In this forum people can open up a modern conversation about spirituality that isn’t located in a single organisation.

“We've been able to have a conversation about faith and spirituality. For people that wouldn't necessarily go to church even, Tik Tok and social media has allowed us to extend that conversation,” Maddix says.

For Maddix, that conversation started in her youth, growing up in a Jamaican family in London. Every Sunday was soundtracked by old school gospel and reggae. Messages of belief in God are part of how Maddix learned to appreciate music. But it’s also how she learned to appreciate community.

“Modern life can be pretty lonely,” Maddix says. The community of gospel was a break from churn of modernity for her.

“Singing with other people, it's the perfect way to just know that you're not by yourself. And singing in harmony also gives you a sense of fitting in somewhere,” she says.

House Gospel Choir
House Gospel Choir singing in harmonyHouse Gospel Choir

HGC provides a spiritual community without the complexities of a specific religious teaching. Before each gig, the band says a communal prayer. Often, Maddix will ask to borrow another member’s God for her prayer as a way of sharing mutual spiritual beliefs.

The whole group is in constant spiritual conversation with each other, and the result is an uplifting sonic journey through gospel and house styles. In December, HGC will take over popular London club KOKO for an evening of spiritual revelry.

Why are people so attracted to finding spiritual communities online?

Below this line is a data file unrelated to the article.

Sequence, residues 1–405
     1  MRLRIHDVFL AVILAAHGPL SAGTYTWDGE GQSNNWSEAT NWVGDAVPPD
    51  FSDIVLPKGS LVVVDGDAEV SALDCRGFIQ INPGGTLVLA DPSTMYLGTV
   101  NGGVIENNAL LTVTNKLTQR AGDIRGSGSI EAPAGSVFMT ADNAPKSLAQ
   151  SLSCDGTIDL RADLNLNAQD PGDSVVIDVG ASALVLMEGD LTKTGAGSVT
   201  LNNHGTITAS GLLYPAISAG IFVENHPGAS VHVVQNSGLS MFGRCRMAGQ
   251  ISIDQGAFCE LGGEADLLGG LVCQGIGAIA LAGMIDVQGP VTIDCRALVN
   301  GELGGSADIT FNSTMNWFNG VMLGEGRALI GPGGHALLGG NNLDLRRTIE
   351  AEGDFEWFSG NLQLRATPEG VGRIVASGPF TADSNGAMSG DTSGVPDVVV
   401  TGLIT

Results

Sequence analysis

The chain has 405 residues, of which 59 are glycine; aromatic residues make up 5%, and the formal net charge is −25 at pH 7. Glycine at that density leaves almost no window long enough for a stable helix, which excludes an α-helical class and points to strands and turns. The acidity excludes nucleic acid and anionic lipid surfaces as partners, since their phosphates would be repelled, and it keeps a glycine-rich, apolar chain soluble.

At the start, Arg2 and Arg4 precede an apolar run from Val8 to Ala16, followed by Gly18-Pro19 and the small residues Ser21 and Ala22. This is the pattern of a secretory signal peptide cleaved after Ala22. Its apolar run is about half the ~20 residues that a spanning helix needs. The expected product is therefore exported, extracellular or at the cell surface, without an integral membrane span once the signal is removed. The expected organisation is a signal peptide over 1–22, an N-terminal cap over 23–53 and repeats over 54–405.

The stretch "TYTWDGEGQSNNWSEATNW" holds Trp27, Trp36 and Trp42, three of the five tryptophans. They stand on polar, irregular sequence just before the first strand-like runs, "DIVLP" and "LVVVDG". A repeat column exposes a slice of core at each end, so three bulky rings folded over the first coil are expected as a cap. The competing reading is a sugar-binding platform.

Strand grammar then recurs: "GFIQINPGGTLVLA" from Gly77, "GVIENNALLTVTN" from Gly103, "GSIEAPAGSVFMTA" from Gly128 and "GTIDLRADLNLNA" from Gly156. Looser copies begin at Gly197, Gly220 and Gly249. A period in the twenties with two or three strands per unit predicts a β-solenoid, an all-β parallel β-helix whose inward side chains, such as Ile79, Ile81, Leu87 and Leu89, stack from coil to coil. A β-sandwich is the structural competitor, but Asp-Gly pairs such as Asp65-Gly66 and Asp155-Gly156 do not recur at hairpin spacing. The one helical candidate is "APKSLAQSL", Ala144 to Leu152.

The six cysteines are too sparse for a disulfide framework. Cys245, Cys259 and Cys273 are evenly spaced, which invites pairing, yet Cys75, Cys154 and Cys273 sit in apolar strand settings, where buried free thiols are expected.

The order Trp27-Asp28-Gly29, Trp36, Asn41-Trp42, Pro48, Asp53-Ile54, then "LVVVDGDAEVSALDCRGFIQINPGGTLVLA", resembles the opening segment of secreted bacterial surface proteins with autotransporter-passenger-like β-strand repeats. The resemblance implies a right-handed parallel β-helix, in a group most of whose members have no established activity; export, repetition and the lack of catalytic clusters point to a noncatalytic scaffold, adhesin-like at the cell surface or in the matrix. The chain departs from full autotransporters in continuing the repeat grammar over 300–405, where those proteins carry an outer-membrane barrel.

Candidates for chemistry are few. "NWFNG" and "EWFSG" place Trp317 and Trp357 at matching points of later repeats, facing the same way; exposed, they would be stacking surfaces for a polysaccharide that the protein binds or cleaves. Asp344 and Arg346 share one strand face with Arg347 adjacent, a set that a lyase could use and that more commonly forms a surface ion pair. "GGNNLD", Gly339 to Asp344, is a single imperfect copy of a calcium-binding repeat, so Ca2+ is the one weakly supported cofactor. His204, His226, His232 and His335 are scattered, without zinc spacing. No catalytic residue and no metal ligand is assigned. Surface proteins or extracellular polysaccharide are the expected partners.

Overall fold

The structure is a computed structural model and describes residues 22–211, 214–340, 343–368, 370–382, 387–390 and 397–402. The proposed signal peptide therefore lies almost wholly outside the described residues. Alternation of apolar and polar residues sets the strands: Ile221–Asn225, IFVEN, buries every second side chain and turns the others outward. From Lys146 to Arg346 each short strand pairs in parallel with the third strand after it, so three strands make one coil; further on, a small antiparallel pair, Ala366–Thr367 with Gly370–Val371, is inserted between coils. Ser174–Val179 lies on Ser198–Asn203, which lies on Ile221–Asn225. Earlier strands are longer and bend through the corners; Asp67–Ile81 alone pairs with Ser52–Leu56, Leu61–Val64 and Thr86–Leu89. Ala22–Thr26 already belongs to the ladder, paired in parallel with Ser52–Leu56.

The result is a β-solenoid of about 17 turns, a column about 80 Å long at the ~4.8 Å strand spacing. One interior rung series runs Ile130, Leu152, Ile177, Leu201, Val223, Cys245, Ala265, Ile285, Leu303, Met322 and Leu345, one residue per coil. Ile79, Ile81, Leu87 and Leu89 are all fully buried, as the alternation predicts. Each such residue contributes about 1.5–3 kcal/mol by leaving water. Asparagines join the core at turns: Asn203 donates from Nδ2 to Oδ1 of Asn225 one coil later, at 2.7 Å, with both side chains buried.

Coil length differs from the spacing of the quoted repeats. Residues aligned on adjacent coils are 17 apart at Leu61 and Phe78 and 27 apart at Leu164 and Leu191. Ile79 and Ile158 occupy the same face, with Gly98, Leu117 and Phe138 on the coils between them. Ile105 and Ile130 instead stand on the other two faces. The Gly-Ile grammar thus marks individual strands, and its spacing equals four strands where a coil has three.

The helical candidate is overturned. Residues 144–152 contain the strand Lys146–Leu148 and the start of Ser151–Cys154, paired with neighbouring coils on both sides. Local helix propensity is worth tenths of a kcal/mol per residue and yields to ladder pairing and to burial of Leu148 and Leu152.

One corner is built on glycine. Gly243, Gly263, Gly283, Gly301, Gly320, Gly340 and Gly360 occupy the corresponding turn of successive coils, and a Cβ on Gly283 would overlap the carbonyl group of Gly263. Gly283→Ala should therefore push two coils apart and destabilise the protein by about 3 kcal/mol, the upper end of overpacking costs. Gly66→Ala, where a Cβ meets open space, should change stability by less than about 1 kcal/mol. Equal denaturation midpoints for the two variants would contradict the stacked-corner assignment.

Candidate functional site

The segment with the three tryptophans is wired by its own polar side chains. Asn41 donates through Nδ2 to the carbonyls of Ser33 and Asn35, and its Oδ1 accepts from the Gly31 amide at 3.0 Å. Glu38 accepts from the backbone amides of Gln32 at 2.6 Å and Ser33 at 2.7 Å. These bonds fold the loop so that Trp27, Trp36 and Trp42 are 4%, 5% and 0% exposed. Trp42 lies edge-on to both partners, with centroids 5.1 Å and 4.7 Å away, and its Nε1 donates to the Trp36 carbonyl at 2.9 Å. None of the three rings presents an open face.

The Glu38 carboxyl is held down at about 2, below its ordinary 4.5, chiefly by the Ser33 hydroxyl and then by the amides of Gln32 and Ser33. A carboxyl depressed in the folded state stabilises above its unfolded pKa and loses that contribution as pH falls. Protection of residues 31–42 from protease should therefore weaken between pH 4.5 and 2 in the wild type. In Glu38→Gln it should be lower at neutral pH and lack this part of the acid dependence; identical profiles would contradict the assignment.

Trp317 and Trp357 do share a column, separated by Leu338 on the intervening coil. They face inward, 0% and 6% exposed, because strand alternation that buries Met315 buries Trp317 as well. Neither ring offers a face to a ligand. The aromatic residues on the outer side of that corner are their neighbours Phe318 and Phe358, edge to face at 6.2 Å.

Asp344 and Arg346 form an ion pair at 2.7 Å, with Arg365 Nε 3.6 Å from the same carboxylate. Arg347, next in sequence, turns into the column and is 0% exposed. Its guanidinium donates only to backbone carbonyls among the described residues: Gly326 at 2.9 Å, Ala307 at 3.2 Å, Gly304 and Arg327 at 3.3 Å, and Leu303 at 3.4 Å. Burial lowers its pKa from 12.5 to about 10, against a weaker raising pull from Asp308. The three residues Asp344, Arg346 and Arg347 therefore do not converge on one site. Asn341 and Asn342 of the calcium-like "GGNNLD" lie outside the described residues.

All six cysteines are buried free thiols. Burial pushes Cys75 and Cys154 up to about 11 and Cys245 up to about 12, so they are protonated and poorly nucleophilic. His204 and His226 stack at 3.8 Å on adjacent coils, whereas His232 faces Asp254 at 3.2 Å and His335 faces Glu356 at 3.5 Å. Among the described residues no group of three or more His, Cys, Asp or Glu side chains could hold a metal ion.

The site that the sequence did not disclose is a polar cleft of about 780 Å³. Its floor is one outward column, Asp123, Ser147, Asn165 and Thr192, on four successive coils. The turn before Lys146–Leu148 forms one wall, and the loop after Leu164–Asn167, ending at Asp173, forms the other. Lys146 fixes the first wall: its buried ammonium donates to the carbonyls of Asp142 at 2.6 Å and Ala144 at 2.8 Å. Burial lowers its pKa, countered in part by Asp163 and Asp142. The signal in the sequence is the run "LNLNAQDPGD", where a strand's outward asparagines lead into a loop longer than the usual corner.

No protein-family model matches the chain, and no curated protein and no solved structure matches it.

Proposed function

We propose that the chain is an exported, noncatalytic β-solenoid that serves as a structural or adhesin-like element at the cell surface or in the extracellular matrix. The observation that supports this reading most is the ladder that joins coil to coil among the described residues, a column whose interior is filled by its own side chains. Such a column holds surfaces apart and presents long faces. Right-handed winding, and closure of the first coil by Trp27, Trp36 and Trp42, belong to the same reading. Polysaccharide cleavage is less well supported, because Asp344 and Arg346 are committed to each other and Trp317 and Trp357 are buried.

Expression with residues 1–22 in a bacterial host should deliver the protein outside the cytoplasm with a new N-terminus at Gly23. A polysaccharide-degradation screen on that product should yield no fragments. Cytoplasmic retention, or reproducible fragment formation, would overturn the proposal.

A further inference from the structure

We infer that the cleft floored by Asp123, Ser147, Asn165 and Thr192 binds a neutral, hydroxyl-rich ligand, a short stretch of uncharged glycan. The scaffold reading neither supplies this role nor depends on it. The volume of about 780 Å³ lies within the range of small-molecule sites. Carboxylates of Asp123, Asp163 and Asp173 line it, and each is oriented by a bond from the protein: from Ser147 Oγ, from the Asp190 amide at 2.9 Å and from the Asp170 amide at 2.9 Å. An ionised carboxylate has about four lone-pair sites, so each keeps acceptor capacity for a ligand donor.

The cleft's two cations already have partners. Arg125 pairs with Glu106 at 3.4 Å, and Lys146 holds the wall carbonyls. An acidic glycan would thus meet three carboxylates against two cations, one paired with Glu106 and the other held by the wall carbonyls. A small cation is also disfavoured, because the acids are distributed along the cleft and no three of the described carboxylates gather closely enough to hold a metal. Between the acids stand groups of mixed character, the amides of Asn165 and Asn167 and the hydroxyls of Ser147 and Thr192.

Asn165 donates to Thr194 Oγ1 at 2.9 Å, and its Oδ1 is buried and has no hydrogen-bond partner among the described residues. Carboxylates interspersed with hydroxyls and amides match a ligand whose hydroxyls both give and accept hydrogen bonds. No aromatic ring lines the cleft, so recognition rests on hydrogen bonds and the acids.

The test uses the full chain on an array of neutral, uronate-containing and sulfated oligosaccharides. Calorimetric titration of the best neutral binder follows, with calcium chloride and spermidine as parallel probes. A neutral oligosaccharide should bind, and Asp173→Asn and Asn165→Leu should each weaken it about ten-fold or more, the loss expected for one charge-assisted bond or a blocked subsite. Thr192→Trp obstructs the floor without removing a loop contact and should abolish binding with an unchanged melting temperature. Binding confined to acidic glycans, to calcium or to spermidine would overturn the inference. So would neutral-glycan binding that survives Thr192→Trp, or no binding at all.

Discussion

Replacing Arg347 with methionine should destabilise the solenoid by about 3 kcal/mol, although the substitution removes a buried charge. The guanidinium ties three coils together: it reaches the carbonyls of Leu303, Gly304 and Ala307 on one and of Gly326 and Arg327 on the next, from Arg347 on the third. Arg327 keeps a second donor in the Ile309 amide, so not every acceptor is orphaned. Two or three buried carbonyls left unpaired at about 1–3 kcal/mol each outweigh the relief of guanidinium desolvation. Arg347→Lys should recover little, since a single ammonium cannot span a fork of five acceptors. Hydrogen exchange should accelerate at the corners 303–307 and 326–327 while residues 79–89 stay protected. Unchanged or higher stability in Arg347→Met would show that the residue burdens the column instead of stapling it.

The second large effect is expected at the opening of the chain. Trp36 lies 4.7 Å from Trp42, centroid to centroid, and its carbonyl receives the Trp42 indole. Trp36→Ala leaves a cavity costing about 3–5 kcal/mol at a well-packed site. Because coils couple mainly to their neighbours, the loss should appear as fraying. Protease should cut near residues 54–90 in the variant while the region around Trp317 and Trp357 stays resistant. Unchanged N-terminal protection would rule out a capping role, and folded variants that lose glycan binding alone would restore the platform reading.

Dr. Heidi Campbell is a professor of communications and digital religion at Texas A&M University believes that people who have religious feelings but don’t feel welcome in local communities, can find a home in online ones instead.

While secular beliefs became predominant in the 20th century, Campbell notes an increase since World War II of “believing but not belonging.” By that she means people who have religious beliefs but don’t feel the desire to be affiliated with official communities.

In the past, if you wanted to practice religion, you had to sign up to whatever local religious temple was in your vicinity.

“The digital age allows us to learn about religion online, and many people can even visit the temple or church they're gonna go to online before they even attend in person,” Campbell says.

“GospelTok is one of these trends that is opening up this community, both the art form as well as its beliefs, to people, and allowing them to connect with each other,” Campbell says, echoing Maddix’ experience of community through HGC.

While Christian belief in Europe and the US is dropping, there has been an increase in spiritual belief and those who feel religious without affiliation to a religious institution.

What this means, Campbell explains, is that sometimes social media stars can have more influence over the spiritual beliefs of people than ordained religious leaders.

Effective communicators with an understanding of digital media will always win out in the competition for interest, she says. “You get an intentional or unintentional challenge to religious authority.”

“Online authority is not just based on your offline knowledge. It's based on how well you know the platform, how well you're able to communicate and leverage the technology,” Campbell says.

Priests and vicars may bemoan the reduction in their authority, but Campbell also notes that this has allowed for a democratisation of religious principles. Lonely people who feel excluded by their local churches can find their community online.